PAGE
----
By August Edwards
It is safe to say that ska is not at the forefront of our minds. I would argue that it never should be, anyway. Someone who might disagree with me is 29-year-old Albuquerque resident Charles Westmark. Charles has an extensive, obsessive knowledge of New Mexican ska, and with that he started to assemble a digital music archive that took off due to unforeseen excitement from a few other fanatics.
“Up until a couple years ago, admitting you liked ska was a profoundly uncool and almost shameful thing to do,” Charles said. “I would imagine that some people in the bands I can’t find so far [to put in the archive] would probably prefer that I don’t find the recordings at all. But this has a nostalgic value for me, and it seems like a few people feel that way. If it inspires someone to start playing music, then, cool.”
Charles explained to me that first wave, or traditional ska, started in Jamaica. The musicians were primarily influenced by jazz players, like saxophonist Charlie Parker and trombone player Melba Liston. “Ska” was the percussive sound the guitar would make.
Ska then took on a second wave in England. This was called 2 tone, and combined Jamaican ska with new wave. Injustices that shrouded these bands, comprised of Black and white people, have not changed. In fact, in 2019 the Specials put out their first album in decades called Encore – the second track on it is titled “B.L.M.,” wherein The Specials guitarist and vocalist Lynval Golding recounts his experiences with racial discrimination.
While this was happening, a few ska bands formed in the coasts of the United States. This would be known as ska’s third wave because bands made the charts and received notable radio play as of the 1990s.
All of this, and the '90s brought Albuquerque its own strong stint of the genre. I am excited to have interviewed Charles to hear his singular experience with ska.
What is the project that you are working on?
I’m putting together a complete and comprehensive catalogue of every ska band’s recording in Albuquerque, and now the state of New Mexico. I’ve got recordings going back to 1991 to the present.
When I was in high school, I was going to every ska show in the city that I could. There was a reunion show in 2012 for a band called Giant Steps that played here from I think 1994 to 2000. I had bought both of their CDs at one of their reunion shows, and I got the cassette that was still in the shrink wrap.
[After acquiring more tapes over the years,] suddenly I had all of these 1990’s Albuquerque ska cassettes, so I paid to get them transferred over to digital and put them on a Google Drive. I shared the Drive with a couple of people who were kind of excited about it, which I didn’t expect. I had friends who started adding material to it, and over the course of three days it doubled in size. So far it features 17 bands.
What’s been the ska trend in ABQ since you entered the picture?
When I was 13, there was an insane amount of ska bands in town. It felt like there was a ska show every three or four days. It was huge and vibrant. It was strange, for whatever reason there was a huge local scene that lasted for about two and a half years. Even when it was popular in town, it was still an unusual thing. Recently, it’s gotten a little more popular, or at least acceptable.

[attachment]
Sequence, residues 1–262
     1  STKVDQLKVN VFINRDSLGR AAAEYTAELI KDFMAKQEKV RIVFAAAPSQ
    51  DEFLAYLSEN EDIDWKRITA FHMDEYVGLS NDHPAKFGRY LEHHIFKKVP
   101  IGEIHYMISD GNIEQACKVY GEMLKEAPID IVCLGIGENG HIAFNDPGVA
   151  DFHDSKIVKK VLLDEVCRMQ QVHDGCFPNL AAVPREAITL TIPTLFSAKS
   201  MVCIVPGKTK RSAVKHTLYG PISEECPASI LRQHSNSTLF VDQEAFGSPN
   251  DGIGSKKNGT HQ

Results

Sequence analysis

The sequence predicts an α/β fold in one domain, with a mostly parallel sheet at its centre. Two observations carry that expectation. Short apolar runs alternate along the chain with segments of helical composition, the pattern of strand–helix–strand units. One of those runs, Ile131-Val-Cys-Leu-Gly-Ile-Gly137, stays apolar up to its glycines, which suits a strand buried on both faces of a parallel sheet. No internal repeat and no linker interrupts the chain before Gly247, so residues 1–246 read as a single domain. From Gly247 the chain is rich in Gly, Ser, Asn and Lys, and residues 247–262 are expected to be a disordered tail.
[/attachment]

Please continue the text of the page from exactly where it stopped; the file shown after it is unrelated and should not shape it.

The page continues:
Made in Bangladesh were the first concert I ever went to. I was so excited after that I didn’t sleep for three and a half days. Full-fledged ska kid moving from there. Their demos are on the Drive. One is a bootleg of a song they played during their middle school talent show. Obviously, it’s terrible and doesn’t have much entertainment value but it’s just kinda cool to have, coming from a completion-ist mindset.
You've alluded to ska being this shameful thing. What does that mean to you?
I’d always catch shit for liking ska—it’s disgustingly happy, or tacky. You can listen to interviews with bands in the ‘90s and the general attitude was that it became this uncool thing. You had bands that, for a short amount of time, dropped their horn sections, like Less Than Jake or Goldfinger.
Do you think your project could spur a movement of ska here in New Mexico?
The only thing that would make ska come back is people starting bands and other things, like funding music education. And it’s not only about teaching people music. If a trumpet player is just pushed into it and learns how to play trumpet but has no idea that there’s anything other than marching band, orchestra, classical, and jazz, then that doesn’t promote much imagination. Imagine the excitement of band kids when they discover horns in rock. If you encourage music and art, ska will follow.
By the way, we get it, guy with checkered suspenders and porkpie hat. You like ska. You’re not accomplishing anything there. Let’s talk about what’s really deep and cutting about music and let people make up their own minds.
Anything else you’d like to add about local music?
Don’t just look specifically for ska bands, look for any local band that could be incredible for any reason. [Here in Albuquerque, that could mean] going to see Grp.txt, which is a punk band with a saxophone, or going to see a great metal band like Anesthesia, or local jazz players like guitarist Michael Anthony or Paul Gonzales on trumpet.
I was super into ska but biased toward other music. I assumed that other music that was local, sucked. That is artists tearing down artists. We should never do that. You can find people who are incredibly passionate about stuff in town, like Adam Smith in Crushed!?. Nobody else is gonna hang off rafters and split their head open and tear the input jack out of their guitar and do really, really crazy shit at extreme financial sacrifice for a dedicated fanbase. He gets really stressed out, but he’s the backbone of the music scene whether he likes it or not. And he doesn’t.
If you are interested in this ska archive, email Charles at firstname.lastname@example.org.